In final round of appeals, the economy dominates

By Peter Baker and Jeff Zeleny

New York Times News Service

SUNRISE, Fla. — As he races across the country in the climax of a marathon campaign, Sen. Barack Obama has honed a final message calling on America to "turn the page" on an era of "greed and irresponsibility," tapping into populist sentiment while reassuring voters that he is no radical.

His "time for change" closing argument in this moment of national anxiety focuses heavily on the economic issues that are at the core of voter concerns right now, skipping quickly past the questions of war and peace that animated his campaign when it started nearly two years ago.

"We’ve tried it John McCain’s way, we’ve tried it George Bush’s way, and it hasn’t worked," Obama, the Democratic presidential nominee, told thousands of supporters on Wednesday in Raleigh, N.C., his first stop of the day. "That’s why I’m running for president. Now, deep down, John McCain knows his economic theories don’t work. That’s why his campaign says, ‘If we keep talking about the economy, we’re going to lose.’ That’s why I keep on talking about the economy."


Obama added: "Because (McCain) knows his economic theories don’t work, he’s been spending these last few days calling me every name in the book. Lately, he’s called me a socialist for wanting to roll back the Bush tax cuts for the wealthiest Americans so we can finally give tax relief to the middle class. By the end of the week, he’ll be accusing me of being a secret communist because I shared my toys in kindergarten."

Republican strongholds

As he devotes the waning days to Republican strongholds in the South and West, Obama arranged for a show of party unity by inviting former President Bill Clinton to appear with him at a late-night rally in Orlando on Wednesday, the first time the two have campaigned alone together. The visual cue was a symbolic passing of the torch from the last Democratic president to the man who hopes to be the next one.

The closing Obama speech is a cautious one, calibrated to cement the inroads he has made with voters whose comfort level with him has grown. Even as he sums up the case for his candidacy, Obama is seeking to defuse any remaining uncertainty about electing a largely untested first-term senator and dispel his critics’ depiction of him as an inexperienced, unproven leader who would raise taxes, redistribute wealth and go soft on terrorists.

Although Obama still reaches for lofty oratory in these three-a-day rallies, he also spends time explaining his tax policies in detail to rebut McCain. While he will raise taxes on the richest Americans, he says that any family earning less than $250,000 a year would not pay a dime more under his plan and that 95 percent of Americans would actually pay less.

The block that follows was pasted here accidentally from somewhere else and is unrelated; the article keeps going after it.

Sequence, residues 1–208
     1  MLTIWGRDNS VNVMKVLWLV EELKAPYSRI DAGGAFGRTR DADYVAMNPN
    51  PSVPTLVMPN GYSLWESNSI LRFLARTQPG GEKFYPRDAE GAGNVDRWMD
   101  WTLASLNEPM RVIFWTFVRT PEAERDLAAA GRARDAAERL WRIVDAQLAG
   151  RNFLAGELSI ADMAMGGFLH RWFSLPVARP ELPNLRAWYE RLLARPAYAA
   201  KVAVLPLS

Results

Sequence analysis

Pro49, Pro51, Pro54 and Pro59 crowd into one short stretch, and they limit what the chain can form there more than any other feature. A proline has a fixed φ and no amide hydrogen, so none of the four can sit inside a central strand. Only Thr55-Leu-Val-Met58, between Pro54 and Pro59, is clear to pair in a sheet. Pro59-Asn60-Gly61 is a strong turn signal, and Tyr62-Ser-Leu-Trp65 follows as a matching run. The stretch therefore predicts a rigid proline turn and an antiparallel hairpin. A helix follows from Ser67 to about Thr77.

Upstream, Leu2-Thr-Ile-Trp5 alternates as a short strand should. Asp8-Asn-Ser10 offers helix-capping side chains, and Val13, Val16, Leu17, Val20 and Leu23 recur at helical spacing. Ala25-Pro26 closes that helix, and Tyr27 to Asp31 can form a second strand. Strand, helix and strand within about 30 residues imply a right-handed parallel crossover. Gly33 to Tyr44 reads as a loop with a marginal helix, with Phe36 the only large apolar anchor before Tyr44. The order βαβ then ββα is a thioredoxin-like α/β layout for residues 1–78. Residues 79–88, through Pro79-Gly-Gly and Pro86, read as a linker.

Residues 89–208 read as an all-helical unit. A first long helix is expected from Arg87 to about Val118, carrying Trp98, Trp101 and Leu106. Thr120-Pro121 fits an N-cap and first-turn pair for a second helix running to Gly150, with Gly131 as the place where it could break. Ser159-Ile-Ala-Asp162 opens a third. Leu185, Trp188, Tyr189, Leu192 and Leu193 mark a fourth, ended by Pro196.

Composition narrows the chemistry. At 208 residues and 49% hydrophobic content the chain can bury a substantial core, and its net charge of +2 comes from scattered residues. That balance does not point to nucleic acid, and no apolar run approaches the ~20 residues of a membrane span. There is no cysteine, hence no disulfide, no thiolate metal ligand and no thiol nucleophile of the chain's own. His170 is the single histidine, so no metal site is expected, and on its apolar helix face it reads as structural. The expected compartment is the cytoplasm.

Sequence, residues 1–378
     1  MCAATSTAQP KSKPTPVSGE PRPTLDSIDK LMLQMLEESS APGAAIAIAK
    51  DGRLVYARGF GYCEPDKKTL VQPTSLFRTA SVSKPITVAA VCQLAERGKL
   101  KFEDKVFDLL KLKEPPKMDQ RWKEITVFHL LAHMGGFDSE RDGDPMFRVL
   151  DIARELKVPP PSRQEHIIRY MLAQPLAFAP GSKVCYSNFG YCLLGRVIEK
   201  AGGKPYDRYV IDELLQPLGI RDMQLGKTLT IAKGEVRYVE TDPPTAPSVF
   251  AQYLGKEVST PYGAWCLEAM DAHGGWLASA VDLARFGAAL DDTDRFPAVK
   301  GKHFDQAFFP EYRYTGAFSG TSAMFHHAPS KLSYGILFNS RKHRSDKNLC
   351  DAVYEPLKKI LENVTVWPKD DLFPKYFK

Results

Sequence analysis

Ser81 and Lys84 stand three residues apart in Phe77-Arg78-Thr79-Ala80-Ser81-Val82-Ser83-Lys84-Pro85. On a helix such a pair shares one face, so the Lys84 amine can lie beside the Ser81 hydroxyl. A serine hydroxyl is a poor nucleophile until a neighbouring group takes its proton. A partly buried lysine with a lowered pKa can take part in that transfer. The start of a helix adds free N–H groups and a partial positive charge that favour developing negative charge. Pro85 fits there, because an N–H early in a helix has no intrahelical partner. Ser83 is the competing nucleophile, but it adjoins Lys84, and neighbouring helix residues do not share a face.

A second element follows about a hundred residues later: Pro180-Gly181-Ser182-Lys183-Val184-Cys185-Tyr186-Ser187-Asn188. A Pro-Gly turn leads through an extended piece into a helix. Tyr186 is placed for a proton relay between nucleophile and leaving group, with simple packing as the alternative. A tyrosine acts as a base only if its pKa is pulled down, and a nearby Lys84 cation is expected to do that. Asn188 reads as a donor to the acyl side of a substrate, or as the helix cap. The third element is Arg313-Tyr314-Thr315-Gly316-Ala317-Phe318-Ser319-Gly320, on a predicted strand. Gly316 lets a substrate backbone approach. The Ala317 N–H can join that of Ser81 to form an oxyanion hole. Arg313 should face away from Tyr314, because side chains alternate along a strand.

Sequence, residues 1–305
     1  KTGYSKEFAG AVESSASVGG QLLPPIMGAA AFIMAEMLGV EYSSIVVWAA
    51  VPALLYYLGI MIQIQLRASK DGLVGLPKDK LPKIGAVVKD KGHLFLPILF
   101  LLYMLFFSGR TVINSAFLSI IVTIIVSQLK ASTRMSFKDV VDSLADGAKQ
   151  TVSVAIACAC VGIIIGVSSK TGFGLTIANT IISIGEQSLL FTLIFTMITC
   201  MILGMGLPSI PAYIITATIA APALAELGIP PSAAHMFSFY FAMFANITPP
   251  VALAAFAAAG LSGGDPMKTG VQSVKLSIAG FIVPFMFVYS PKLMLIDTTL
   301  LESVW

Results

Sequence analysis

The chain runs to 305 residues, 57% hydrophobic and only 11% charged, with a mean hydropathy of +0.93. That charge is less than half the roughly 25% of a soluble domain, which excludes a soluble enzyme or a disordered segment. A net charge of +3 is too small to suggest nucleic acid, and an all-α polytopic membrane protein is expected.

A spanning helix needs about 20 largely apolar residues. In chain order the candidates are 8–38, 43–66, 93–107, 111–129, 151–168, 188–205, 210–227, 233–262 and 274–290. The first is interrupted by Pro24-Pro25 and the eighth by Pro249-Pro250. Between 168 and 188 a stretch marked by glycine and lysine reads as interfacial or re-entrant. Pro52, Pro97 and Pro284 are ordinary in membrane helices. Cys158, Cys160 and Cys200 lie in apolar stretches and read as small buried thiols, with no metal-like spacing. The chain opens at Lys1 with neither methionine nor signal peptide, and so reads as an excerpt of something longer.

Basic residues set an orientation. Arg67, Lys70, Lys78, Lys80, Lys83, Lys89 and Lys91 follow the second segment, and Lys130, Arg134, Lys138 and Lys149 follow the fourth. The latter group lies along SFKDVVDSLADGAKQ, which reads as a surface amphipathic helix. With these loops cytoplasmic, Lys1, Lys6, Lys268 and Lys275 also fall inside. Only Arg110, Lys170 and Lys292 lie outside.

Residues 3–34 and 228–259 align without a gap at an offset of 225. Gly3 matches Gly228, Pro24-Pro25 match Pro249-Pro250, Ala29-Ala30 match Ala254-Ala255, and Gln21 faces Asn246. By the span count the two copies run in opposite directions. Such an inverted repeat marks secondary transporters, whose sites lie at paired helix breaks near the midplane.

To reinforce the point, he often asks for a show of hands of those who make less than $250,000, which usually means nearly everyone in the crowd. He sometimes goes on, as he did on Tuesday in Harrisonburg, Va., to note that it includes "98 percent of small businesses and 99.9 percent of plumbers," a reference to McCain’s oft-expressed concern for the taxes of a man he has dubbed Joe the Plumber.

National unity theme

Obama returns regularly to the themes of unity that first brought him to prominence in his keynote address to the Democratic National Convention in 2004. But as he tells audiences that it is time to "come together as one nation" again, he makes clear that togetherness does not necessarily extend to those he casts as the villains in a time of turmoil — greedy Wall Street bankers, Washington lobbyists, billionaires, unscrupulous mortgage lenders and, foremost in his rendering, their handmaidens, Bush and McCain.


Remember middle class

"For eight years, we’ve seen Washington take care of the extremely well-off and the extremely well-connected, and now my opponent’s making the same arguments to justify the same old policies that have been a complete failure for the middle class," Obama said. "I mean the arguments he’s making now are the same arguments that George Bush makes — all these years."

Toward the end of his pitch to voters, Obama chides Bush for not calling on Americans to sacrifice after the terrorist attacks of Sept. 11, 2001. "Even after the greatest attack on American soil since Pearl Harbor, all we were asked to do by our president was to go shopping," he said.

Yet his message demands little specific sacrifice of Americans either, except the thin slice of those who make more than $250,000. Instead, he promises to give them more: lower taxes, lower health care premiums, more jobs, more fuel-efficient cars, better schools, higher teacher salaries, foreclosure assistance, affordable college tuition. The only detailed reference he makes to paying for all of this at a time of record budget deficits is his promise "to stop spending $10 billion a month in Iraq."

"I know that my opponent is worried about losing an election, but I’m worried about Americans who are losing their homes, and losing their jobs, and losing their life savings," Obama said. "I’m worried about the middle class. And I won’t just fight for your vote in the final days of the election, I will fight for you every single day that I’m in the White House."

The reference to spending in Iraq constitutes almost everything he says about the two wars America is fighting.

In Obama’s telling, this is an election about America and whether it can pick itself up after so much tumult.

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